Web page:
Mercenary marriages cause turmoil in C China
Updated: 2011-09-02 22:46
CHANGSHA - For most women, marriage means falling in love and planning a romantic wedding. But for 18-year-old Yang Jinmei, marriage arrived at knife point.
A Vietnamese woman, Yang Jinmei (Chinese name) says three years ago four traffickers abducted her near the border of China and Vietnam. They put a knife to her cheek and took her to Shuangfeng county in central Hunan province.
Around this time, Hu Xinfa was looking for a wife. At 35, he was divorced, raising a daughter, and finding it difficult to remarry. Eventually, he borrowed money from relatives to "buy" a wife.
The 15-year-old Yang had a price tag. She literally cost 35,000 yuan ($5,468). Hu paid it. The money went to traffickers who claimed they were Yang's relatives, and he and she became man and wife.
But not really. In practicality, they were as good as married, but legally they were not because Yang had entered China illegally. Yet there was little risk to either, as authorities are known to look the other way.
Not surprisingly, no honeymoon followed, and in fact, the "newlyweds" could not even speak to each other for a long time, as Yang only spoke Vietnamese.
During most of the first year Yang was with Hu, she resented and resisted the coerced marriage.
"In fear and protest, I threw outside the bananas and apples my husband bought for me," Yang recalled. But Hu's patience and kindness eventually won her over.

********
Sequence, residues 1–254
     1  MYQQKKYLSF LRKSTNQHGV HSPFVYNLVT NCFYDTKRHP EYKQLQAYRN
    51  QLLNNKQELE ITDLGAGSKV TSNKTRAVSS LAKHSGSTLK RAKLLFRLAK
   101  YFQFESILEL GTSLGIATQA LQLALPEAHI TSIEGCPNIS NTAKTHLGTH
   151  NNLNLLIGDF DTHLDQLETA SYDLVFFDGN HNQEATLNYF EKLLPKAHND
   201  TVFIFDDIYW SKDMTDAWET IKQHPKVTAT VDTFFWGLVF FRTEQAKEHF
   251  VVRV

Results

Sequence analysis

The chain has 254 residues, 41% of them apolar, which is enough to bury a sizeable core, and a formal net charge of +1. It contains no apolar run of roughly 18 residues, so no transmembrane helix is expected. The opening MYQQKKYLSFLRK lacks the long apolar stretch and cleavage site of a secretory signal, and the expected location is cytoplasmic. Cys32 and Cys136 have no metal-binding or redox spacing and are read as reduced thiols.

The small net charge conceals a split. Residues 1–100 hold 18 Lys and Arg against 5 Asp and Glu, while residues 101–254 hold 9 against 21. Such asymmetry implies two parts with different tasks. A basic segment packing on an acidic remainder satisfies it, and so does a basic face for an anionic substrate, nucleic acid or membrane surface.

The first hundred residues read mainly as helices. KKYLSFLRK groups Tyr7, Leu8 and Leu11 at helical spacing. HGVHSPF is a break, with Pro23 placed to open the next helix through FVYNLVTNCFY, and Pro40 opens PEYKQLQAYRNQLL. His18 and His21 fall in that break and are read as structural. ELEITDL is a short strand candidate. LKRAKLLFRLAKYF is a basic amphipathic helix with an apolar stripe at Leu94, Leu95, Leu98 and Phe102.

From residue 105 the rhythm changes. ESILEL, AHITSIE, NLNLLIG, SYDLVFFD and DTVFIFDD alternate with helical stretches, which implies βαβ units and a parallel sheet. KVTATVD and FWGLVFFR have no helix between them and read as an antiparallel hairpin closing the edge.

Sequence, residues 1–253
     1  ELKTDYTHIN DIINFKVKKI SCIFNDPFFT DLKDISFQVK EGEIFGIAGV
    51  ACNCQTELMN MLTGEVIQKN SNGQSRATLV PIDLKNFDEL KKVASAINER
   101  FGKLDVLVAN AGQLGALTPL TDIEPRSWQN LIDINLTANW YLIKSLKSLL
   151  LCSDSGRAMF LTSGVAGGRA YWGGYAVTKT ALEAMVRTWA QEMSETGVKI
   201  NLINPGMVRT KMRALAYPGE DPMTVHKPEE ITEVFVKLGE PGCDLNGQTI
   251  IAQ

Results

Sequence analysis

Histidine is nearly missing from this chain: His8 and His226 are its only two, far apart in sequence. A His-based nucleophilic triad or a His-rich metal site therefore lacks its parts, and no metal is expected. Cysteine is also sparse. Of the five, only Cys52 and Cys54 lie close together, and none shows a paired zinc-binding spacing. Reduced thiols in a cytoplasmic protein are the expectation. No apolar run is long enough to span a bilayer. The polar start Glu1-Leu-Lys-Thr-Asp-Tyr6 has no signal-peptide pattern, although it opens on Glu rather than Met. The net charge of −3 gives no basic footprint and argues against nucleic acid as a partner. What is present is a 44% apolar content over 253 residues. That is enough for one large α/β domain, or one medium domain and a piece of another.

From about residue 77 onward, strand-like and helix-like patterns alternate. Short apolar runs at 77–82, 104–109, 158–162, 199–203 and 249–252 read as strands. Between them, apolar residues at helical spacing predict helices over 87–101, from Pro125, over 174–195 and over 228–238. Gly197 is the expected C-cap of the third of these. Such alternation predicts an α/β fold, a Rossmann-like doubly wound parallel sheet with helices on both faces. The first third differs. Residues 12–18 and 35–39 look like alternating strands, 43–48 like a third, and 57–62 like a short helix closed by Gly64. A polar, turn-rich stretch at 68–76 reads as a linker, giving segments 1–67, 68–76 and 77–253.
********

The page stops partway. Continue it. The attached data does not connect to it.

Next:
After the birth of her daughter, about one year into their relationship, she reached a point of acceptance, though she still missed dearly her parents, both old and frail.
Hu Xinfa and Yang's situation is not unusual in rural villages, as a significant gender gap has created a market for "mercenary" marriages.
Hu Jianhe, who lives in Hunan's Shuizhou village about 3 km away from Hu Xinfa's home village, paid marriage brokers more than 36,000 yuan three years ago for his Vietnamese "wife," whose Chinese name is Ma Zhengfen. She and Yang became friends.
But Ma disappeared in May, leaving behind her two-year-old daughter.
Two months later, she called, saying she had been abducted and asked Hu Jianhe to pay 20,000 yuan for her release -- otherwise she would be resold, Hu's father recalled.
Hu Jianhe opted not to pay. He suspected it was all a scam from the beginning, yet he initially chose not to report it to the police, because he worried he might be accused of trafficking.
And Hu isn't the only one in the village who bought a wife. Hu Qiulai did as well -- also from Vietnam, and his wife disappeared just like Ma.
In recent months, there have been a number of purchased wives reported missing, which has led to a Shuangfeng county anti-trafficking campaign and an investigation of illegal marriages.
Its public security bureau has sent a few police officers to southwestern Yunnan province, which borders Vietnam, to look into the case. But apprehending traffickers and stopping the flow of girl and young women across the border will require more than a few county officers.
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